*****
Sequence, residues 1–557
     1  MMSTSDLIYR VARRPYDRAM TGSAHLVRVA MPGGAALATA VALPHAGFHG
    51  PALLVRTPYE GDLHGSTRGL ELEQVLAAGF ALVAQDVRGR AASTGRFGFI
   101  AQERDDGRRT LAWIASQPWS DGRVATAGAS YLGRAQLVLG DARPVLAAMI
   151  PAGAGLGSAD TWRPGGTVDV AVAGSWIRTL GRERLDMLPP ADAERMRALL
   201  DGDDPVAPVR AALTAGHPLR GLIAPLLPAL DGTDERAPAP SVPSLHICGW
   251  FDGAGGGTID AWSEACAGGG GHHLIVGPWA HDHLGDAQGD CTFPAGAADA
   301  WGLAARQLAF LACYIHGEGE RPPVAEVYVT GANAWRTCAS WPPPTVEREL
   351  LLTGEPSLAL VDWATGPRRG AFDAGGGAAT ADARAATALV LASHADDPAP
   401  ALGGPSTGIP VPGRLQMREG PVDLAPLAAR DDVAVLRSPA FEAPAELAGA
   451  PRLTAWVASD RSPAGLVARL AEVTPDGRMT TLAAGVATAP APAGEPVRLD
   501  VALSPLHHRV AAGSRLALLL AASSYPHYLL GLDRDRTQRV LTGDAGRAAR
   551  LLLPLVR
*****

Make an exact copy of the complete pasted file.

Sequence, residues 1–557
     1  MMSTSDLIYR VARRPYDRAM TGSAHLVRVA MPGGAALATA VALPHAGFHG
    51  PALLVRTPYE GDLHGSTRGL ELEQVLAAGF ALVAQDVRGR AASTGRFGFI
   101  AQERDDGRRT LAWIASQPWS DGRVATAGAS YLGRAQLVLG DARPVLAAMI
   151  PAGAGLGSAD TWRPGGTVDV AVAGSWIRTL GRERLDMLPP ADAERMRALL
   201  DGDDPVAPVR AALTAGHPLR GLIAPLLPAL DGTDERAPAP SVPSLHICGW
   251  FDGAGGGTID AWSEACAGGG GHHLIVGPWA HDHLGDAQGD CTFPAGAADA
   301  WGLAARQLAF LACYIHGEGE RPPVAEVYVT GANAWRTCAS WPPPTVEREL
   351  LLTGEPSLAL VDWATGPRRG AFDAGGGAAT ADARAATALV LASHADDPAP
   401  ALGGPSTGIP VPGRLQMREG PVDLAPLAAR DDVAVLRSPA FEAPAELAGA
   451  PRLTAWVASD RSPAGLVARL AEVTPDGRMT TLAAGVATAP APAGEPVRLD
   501  VALSPLHHRV AAGSRLALLL AASSYPHYLL GLDRDRTQRV LTGDAGRAAR
   551  LLLPLVR